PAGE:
I believe a lot of things. In fact, a lot of these beliefs are sincerely held. For example, I believe that Bigfoot lives in the foothills of the Blue Ridge Mountains. I believe that my son will grow-up to be President of the United States. And I believe that the leadership of the North Carolina General Assembly are full of it. (That one is a very sincerely held belief. I even have some data to back that one up.)

When the NC General Assembly introduced Senate Bill 2, the intention was to allow magistrates to opt-out of officiating same-sex marriages in our state if doing so would run counter to the individual’s “sincerely held religious belief”. Legislators were well aware of the legal, moral, and political ramifications of these type of proposals. After all, nineteen states have so-called religious freedom laws. Indiana passed a similar law earlier this year, but the NC-version of the law goes further than any other law on the books anywhere. 

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What you don't know about the abortion bill

IMG_abortion-DISPLAY.jpg_2_1_I03TDB5M_L100728807.JPGThe NC Senate approved it’s version of HB 465 last night, the bill that would unnecessarily force North Carolina women to wait 72 hours before receiving an abortion. This is the provision of the bill that has garnered the most attention and that is causing most of the outrage. But believe it or not, it actually gets worse.

The original bill contained two central parts: the 72 hours waiting period, and a requirement that only doctors board certified as OB-GYN's would be able to provide abortions.  The waiting period is bad enough, but the doctor provision would have left roughly 40 of North Carolina's 100 counties without a doctor who could provide the service. Last night Senators changed that language to require a doctor be "sufficiently trained" based on existing medical standards to deal with complications from abortions. That’s good news.

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Calling out McCrory over DACA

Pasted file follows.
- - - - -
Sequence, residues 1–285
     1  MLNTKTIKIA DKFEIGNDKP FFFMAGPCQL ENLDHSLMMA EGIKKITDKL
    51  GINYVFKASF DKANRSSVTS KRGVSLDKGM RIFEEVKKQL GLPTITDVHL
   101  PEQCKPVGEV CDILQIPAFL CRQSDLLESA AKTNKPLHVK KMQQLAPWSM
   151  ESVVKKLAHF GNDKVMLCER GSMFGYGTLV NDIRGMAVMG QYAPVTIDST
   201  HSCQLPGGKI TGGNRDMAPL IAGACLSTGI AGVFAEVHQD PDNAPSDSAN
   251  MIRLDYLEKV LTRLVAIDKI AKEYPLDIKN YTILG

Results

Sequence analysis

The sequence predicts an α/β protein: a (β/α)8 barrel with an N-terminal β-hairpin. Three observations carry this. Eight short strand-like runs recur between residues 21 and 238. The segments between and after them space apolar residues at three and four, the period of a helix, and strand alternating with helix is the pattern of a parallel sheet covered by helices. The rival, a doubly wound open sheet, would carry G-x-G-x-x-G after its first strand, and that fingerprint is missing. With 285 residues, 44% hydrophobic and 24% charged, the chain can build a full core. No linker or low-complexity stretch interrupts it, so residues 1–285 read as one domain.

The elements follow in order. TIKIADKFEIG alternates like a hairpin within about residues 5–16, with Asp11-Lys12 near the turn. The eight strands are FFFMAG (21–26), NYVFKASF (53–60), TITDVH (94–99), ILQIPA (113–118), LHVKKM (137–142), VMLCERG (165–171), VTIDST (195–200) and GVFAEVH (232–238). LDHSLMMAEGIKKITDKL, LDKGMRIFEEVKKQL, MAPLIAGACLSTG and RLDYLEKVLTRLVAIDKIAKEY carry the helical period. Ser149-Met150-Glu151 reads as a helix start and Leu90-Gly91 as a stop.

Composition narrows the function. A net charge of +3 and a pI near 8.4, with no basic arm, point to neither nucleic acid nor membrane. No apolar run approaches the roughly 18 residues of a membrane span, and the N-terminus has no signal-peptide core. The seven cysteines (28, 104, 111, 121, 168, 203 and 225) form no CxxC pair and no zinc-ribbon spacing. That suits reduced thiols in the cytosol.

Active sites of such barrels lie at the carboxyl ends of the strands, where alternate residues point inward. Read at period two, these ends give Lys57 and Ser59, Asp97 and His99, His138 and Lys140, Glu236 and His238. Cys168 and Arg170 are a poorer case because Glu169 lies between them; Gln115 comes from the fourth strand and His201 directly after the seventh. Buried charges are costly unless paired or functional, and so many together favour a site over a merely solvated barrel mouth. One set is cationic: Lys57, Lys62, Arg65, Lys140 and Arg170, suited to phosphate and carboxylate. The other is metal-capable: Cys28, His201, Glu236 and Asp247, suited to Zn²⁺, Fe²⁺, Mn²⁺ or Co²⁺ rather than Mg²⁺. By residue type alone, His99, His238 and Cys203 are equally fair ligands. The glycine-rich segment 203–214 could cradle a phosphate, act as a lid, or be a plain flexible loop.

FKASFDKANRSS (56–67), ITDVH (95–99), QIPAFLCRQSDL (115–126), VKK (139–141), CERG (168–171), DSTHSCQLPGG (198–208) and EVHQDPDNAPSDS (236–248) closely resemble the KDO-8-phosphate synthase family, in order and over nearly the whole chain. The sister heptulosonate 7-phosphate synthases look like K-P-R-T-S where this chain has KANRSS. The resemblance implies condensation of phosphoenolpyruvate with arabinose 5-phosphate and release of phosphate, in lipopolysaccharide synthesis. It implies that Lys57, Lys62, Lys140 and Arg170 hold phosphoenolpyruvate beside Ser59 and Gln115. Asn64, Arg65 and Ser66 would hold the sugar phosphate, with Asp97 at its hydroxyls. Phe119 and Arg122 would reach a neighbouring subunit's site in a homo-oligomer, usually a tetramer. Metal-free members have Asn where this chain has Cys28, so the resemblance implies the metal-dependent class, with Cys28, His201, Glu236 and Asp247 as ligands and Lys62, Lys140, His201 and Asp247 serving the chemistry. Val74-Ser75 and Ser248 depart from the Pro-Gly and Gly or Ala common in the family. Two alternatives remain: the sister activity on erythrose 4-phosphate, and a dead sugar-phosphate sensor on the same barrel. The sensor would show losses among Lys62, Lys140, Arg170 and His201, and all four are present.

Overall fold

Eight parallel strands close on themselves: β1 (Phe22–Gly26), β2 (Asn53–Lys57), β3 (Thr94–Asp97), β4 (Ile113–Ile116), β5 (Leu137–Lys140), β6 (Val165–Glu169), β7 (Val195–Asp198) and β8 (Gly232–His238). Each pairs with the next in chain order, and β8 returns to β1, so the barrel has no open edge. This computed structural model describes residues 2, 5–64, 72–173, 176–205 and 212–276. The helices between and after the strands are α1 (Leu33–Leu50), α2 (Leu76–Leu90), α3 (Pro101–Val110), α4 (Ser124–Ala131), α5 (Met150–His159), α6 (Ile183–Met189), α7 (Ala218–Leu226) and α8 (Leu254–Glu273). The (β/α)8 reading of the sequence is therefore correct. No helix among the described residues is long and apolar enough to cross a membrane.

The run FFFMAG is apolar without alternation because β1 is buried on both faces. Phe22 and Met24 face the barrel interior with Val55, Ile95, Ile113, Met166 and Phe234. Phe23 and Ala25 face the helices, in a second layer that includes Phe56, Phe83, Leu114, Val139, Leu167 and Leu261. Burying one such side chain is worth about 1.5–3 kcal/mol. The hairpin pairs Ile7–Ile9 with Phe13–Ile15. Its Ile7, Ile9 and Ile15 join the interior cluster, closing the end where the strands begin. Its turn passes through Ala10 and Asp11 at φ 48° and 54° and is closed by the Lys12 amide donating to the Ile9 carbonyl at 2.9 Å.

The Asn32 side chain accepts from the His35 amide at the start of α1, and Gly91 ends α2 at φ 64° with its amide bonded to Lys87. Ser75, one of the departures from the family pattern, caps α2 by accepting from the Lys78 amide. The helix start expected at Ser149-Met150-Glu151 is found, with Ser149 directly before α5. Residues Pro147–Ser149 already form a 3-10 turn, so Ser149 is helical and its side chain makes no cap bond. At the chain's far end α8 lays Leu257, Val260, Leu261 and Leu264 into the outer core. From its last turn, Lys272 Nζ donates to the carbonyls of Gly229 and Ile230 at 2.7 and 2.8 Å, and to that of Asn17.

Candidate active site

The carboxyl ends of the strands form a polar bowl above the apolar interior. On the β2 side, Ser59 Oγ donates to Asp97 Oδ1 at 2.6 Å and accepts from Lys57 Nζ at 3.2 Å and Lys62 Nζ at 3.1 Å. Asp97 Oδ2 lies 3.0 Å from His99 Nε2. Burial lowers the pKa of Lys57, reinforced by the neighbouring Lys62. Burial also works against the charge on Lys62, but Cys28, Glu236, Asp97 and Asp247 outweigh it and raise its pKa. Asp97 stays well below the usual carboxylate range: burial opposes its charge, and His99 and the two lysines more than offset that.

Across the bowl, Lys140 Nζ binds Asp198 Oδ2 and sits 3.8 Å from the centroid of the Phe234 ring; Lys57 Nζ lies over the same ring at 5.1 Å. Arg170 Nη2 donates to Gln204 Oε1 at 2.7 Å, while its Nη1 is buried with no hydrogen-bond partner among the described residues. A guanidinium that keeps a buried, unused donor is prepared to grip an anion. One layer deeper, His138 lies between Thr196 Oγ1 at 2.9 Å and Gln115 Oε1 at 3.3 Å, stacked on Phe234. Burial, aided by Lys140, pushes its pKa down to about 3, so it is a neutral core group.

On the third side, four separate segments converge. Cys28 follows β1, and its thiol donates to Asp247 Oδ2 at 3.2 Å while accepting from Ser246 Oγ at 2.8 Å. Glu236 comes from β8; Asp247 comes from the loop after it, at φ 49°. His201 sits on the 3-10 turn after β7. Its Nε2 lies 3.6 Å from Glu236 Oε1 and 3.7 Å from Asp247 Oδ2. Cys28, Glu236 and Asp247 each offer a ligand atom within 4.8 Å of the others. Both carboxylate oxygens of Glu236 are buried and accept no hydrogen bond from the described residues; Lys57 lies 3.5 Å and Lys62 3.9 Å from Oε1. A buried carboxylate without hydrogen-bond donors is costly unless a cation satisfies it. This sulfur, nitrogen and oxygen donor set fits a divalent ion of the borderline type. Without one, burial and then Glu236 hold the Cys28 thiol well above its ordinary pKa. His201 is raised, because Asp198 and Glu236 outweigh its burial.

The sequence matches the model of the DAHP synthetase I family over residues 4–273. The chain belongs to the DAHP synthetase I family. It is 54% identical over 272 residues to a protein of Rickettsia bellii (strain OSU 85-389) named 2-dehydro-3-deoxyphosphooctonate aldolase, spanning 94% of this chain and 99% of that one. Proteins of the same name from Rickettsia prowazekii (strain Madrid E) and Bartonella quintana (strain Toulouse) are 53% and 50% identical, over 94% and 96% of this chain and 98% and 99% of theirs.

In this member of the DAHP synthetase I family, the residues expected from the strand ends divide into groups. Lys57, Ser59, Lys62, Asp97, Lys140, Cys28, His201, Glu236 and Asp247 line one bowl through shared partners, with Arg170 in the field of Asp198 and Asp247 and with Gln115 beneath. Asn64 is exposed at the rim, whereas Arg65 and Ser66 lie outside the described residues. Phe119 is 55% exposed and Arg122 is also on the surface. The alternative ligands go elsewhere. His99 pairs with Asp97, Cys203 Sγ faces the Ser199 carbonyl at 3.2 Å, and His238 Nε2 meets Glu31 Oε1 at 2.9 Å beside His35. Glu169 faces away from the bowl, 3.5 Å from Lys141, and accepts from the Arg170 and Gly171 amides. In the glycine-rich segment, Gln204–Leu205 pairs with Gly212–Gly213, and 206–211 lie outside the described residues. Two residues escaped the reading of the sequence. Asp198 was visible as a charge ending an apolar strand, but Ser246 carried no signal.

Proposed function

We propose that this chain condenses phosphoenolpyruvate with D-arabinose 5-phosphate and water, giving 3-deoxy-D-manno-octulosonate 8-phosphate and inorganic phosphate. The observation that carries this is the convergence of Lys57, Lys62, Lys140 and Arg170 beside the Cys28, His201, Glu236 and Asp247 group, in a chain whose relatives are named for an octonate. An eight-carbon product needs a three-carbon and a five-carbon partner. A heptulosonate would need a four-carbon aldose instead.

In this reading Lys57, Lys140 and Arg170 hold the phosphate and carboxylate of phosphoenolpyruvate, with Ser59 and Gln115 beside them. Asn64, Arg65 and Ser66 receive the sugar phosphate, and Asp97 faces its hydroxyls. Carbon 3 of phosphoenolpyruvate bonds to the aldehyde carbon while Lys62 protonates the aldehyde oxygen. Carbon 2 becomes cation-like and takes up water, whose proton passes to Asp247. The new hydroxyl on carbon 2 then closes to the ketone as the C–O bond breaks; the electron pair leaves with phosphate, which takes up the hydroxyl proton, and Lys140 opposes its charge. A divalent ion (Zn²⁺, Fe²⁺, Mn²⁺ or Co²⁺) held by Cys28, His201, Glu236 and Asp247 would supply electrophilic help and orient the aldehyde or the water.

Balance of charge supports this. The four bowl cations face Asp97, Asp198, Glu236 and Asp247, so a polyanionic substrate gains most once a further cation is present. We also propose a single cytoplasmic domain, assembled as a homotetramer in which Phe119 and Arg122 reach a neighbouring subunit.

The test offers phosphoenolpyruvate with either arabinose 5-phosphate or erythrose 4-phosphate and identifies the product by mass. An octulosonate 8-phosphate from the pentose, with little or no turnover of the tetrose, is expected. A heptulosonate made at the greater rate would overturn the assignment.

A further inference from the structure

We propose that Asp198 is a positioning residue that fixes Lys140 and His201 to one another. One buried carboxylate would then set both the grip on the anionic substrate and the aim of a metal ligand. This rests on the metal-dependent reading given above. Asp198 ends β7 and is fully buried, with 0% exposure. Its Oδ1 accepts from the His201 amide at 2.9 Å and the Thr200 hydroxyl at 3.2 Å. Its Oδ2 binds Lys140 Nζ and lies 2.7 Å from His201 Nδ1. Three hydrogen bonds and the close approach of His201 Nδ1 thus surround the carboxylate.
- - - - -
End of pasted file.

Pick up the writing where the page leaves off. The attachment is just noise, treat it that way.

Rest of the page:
11059664_975185015847276_896937876130325049_n.jpgLast week's action in Raleigh was amazing!

We decided we had to do something after months of attempting to contact McCrory's office to request a meeting to discuss our concerns regarding the DAPA lawsuit and being completely ignored without so much as a call to say the Governor's office could not meet with us. We felt that McCrory's office was disrespecting the community by ignoring us.

As you probably know by now, our Governor McCrory joined NC to a 26 state lawsuit challenging President Obama's completely legal and constitutional Executive Action on Immigration from November of 2014. These attorneys general and governors seek to put a stop to the Deferred Action for Childhood Arrivals (DACA) and Deferred Action for Parental Responsibility (DAPA) programs that would benefit close to 5 million undocumented immigrants living in the shadows in our country. Not only that, this lawsuit will hurt our country and our state.

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NC gets D+ for working women

NotEnoughHands.jpgA new report out from the Institute for Women’s Policy Research ranks North Carolina “D+” in policies and practices important to work and family. That places North Carolina 35th overall in the rankings. Nearly 30 percent of North Carolina women work at low-wage jobs, and at the current rate of pay, IWPR predicts women will not reach equal pay with men until 2064. 

 

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Statement on Obama's executive action

President Obama just announce an historic change to our country’s immigration system, achieved by executive action. The directives contained a number of components that will strengthen our border and national security, ensure that our enforcement resources are used to go after felons and not families, and give close to 5 million people the chance to come out of the shadows and gain temporary legal status in the United States, and keep families together, ensuring stronger communities.

 The main components of the plan include:

  • A new deferred action program for 4.1 million immigrants who have been in the country for at least 5 years and have citizen or permanent resident children;
  • An expansion of the DACA program to remove the age cap and move up the year of arrival for eligibility, which will cover 300,000 more Dreamers; and
  • Changes to our enforcement priorities to focus on terrorists, national security threats, and other serious offenders first and foremost.